Setting up a Power of Attorney

A power of attorney is a legal document that gives somebody the power to act on another person’s behalf or in their best interests. It authorises a person or group of people (the attorney) to make decisions relating to the legal and financial affairs of another person (the principal), and can be a family member, relative, friend or professional, as long as they are over 18.

Who needs a power of attorney?

There are many reasons you might wish to consider appointing a power of attorney to look after things like your money and property. These include:

  • Experiencing a decline in your mental health that affects your ability to manage your own affairs
  • Being injured, immobile or experiencing physical ailments that make it difficult to get around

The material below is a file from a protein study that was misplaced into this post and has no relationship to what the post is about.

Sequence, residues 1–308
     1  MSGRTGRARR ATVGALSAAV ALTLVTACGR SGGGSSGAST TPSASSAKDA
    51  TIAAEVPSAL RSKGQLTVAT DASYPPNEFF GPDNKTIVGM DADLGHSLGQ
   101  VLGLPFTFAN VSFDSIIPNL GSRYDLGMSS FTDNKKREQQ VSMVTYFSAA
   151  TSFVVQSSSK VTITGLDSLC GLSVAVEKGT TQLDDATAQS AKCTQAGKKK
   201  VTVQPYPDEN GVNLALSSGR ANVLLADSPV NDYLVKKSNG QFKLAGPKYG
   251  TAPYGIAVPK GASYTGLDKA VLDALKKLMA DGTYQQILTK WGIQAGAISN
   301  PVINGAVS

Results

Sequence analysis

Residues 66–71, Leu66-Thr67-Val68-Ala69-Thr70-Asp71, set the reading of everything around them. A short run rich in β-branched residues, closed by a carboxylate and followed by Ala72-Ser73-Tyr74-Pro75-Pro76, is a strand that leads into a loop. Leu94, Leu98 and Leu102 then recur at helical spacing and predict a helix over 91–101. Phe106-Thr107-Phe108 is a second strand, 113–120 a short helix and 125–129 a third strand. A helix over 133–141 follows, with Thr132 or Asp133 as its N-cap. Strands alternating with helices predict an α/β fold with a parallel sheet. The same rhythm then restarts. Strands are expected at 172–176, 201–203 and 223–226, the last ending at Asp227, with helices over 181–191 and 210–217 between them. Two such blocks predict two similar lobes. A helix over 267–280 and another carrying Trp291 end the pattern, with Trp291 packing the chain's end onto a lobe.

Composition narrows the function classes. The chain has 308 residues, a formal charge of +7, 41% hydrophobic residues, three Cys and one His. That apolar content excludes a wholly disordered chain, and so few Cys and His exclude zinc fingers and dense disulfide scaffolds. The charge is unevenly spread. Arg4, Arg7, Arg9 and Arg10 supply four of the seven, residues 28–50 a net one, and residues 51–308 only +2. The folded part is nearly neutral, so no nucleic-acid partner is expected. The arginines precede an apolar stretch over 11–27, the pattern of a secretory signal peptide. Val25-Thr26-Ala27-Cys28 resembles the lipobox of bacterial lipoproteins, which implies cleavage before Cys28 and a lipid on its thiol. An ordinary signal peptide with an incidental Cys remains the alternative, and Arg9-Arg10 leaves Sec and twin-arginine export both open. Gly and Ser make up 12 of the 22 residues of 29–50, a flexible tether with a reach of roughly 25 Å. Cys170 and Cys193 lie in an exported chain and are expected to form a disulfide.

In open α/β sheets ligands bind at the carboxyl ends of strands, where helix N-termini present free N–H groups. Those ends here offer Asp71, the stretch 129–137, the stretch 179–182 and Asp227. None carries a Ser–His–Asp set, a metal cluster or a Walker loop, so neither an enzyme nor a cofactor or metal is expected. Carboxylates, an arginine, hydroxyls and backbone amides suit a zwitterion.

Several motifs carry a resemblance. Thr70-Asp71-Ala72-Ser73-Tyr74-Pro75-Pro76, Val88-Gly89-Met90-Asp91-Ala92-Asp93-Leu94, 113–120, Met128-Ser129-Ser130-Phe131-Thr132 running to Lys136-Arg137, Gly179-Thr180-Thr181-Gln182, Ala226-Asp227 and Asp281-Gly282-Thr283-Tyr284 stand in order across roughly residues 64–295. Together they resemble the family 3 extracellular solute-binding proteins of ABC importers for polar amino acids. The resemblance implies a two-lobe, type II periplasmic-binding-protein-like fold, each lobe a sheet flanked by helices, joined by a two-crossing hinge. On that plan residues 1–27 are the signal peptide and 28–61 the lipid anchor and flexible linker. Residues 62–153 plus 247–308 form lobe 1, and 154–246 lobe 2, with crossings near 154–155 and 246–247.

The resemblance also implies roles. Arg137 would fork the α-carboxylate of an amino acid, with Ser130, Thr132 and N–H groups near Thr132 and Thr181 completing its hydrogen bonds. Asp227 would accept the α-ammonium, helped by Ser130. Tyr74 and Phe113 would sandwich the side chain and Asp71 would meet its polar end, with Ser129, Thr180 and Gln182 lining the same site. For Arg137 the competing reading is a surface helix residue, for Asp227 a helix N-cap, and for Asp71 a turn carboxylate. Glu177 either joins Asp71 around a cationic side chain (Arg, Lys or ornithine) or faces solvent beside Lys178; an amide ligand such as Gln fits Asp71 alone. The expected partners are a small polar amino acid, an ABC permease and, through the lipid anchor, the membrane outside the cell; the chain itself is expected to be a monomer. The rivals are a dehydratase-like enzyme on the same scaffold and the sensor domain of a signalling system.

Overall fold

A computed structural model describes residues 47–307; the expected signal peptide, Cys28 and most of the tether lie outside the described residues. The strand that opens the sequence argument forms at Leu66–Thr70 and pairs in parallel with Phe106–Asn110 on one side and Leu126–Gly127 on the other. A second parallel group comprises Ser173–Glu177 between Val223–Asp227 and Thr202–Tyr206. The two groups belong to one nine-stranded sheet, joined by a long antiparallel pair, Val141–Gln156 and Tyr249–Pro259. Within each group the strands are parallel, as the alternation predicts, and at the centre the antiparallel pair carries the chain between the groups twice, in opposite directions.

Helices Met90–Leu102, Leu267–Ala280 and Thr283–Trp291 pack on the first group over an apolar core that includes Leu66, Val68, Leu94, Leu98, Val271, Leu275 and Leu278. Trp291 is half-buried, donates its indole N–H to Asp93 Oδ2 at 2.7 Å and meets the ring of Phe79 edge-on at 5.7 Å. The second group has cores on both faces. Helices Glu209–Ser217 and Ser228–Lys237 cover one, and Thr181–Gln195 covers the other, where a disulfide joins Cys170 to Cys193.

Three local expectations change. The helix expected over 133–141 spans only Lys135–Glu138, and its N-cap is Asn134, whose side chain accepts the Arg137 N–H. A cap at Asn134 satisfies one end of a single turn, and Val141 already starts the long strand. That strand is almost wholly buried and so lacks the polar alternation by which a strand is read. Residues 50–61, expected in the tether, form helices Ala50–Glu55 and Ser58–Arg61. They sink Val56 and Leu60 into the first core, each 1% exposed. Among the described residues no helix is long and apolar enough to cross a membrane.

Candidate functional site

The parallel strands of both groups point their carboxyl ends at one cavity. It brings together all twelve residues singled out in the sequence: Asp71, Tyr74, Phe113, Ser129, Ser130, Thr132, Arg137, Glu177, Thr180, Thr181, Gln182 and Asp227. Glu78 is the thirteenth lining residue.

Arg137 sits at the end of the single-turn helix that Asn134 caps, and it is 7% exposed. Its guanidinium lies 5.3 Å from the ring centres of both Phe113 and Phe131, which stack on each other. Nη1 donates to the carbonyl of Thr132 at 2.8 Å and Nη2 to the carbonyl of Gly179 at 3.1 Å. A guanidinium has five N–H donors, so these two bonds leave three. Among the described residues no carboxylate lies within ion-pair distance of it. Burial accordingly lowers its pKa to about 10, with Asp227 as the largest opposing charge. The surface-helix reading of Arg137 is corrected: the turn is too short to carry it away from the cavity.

• Being in hospital, travelling or deployed in a foreign country
  • Living remotely and finding it difficult to access services
  • Having difficulty managing your money yourself (there is absolutely no shame in this, and there is always help available if you need it)

Are there different types?

Yes. Here are the three different ways someone can make decisions on your behalf:

You can find out more, plus access some really helpful resources developed by the ABA, by viewing the ABA Power of Attorney Fact Sheet and AGAC You Decide Who Decides.